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Alessandro Busà "Urbanity Sells, and Comes from Above: Rezoning, Rebranding and Auctioning Harlem’s Main Street"

New York’s ongoing urban development efforts are part of a process of commodification which was initiated right after the fiscal crisis in the early 70s, and has been strongly boosted by the Bloomberg administration. This contribution will clarify how this process of restructuring finds its “spatialization” in the built environment of the city, drawing from a case of redevelopment through rezoning at 125th street in Harlem.

The Mayor’s agenda for 125th street aims at increasing residential density while simultaneously limiting bulk and scale of new construction. It combines historical preservation, urban-infill and street design. It also makes use of a set of groundbreaking policy tools intended to favor a pedestrian-friendly environment, functional mix and a sense of diversity.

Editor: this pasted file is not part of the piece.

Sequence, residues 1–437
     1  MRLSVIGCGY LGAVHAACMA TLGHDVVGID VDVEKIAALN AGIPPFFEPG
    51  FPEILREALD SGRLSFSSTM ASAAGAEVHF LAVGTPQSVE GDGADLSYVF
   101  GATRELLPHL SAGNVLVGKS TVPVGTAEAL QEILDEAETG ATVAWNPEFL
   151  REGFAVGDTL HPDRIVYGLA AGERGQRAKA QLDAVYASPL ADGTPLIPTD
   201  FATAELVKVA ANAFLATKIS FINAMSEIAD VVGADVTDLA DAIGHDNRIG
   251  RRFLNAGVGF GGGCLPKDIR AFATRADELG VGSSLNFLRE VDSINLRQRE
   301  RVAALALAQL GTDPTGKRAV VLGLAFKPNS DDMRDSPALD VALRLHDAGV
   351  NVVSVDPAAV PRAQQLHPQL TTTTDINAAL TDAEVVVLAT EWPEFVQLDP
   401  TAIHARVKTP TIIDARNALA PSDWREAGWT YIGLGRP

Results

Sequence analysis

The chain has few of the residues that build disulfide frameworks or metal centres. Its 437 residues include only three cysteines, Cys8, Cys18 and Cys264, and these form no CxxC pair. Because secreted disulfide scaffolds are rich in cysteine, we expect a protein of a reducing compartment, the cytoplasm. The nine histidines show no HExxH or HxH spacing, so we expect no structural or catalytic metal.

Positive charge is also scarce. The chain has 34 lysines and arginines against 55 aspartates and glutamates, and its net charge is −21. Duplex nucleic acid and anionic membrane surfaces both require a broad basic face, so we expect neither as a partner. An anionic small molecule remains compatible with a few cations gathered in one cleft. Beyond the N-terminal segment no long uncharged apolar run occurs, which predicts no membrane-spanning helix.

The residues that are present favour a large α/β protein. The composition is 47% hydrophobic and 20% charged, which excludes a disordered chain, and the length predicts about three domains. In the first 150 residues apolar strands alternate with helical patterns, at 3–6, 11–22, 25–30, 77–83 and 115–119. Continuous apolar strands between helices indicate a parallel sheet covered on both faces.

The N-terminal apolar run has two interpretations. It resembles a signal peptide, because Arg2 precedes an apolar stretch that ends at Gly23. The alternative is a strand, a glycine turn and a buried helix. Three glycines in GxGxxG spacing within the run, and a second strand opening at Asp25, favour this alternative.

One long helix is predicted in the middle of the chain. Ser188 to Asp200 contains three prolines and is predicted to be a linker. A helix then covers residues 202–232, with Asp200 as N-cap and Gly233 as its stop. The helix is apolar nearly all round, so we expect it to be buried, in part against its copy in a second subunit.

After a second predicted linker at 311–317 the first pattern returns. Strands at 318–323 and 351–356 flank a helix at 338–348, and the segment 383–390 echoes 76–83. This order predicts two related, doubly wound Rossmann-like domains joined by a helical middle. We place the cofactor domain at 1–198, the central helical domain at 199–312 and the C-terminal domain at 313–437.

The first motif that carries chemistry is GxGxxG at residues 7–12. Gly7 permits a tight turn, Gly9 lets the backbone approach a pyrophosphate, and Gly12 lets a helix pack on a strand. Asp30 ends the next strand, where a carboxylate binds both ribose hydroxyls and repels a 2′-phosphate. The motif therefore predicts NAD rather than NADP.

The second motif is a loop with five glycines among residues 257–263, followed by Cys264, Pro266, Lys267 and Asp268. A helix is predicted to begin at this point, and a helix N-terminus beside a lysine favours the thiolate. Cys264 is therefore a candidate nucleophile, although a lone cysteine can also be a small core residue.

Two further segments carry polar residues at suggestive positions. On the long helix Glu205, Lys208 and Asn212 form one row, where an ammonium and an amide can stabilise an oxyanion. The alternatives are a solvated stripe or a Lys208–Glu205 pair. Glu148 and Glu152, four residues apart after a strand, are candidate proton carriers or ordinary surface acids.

It will be shown how this rezoning, even as it limits bulk and height of new construction, is nevertheless giving carte blanche and providing a tax-abated playground for developers in the real estate and luxury housing market. Thus the Mayor’s redevelopment agenda is creating a new commodified urbanity for the wealthy at the same time as it narrows affordable housing for low income households.

Finally, it will be explained that this new urbanity - produced as a response to an insurgent consumer demand for a mythic “urban way of life” propagated in the popular culture - claims to capitalize on the cultural potential and historic values of the area, while in fact it consciously draws from the hyper-real image of the city elaborated in the media and in the collective imagination.

About the Author

Alessandro Busà is a licensed architect, a Doctoral Fellow at the Center for Metropolitan Studies in Berlin and a visiting scholar at the Graduate School of Architecture Planning and Preservation of Columbia University in New York. His writing and research interests explore neoliberal shifts in urban policies and strategies of reinvention of the built environment in advanced capitalist cities. Documentary filmmaker, photographer and reporter for several international magazines, he is also the founder and editor-in-chief of "The Urban Reinventors" Online Urban Journal.

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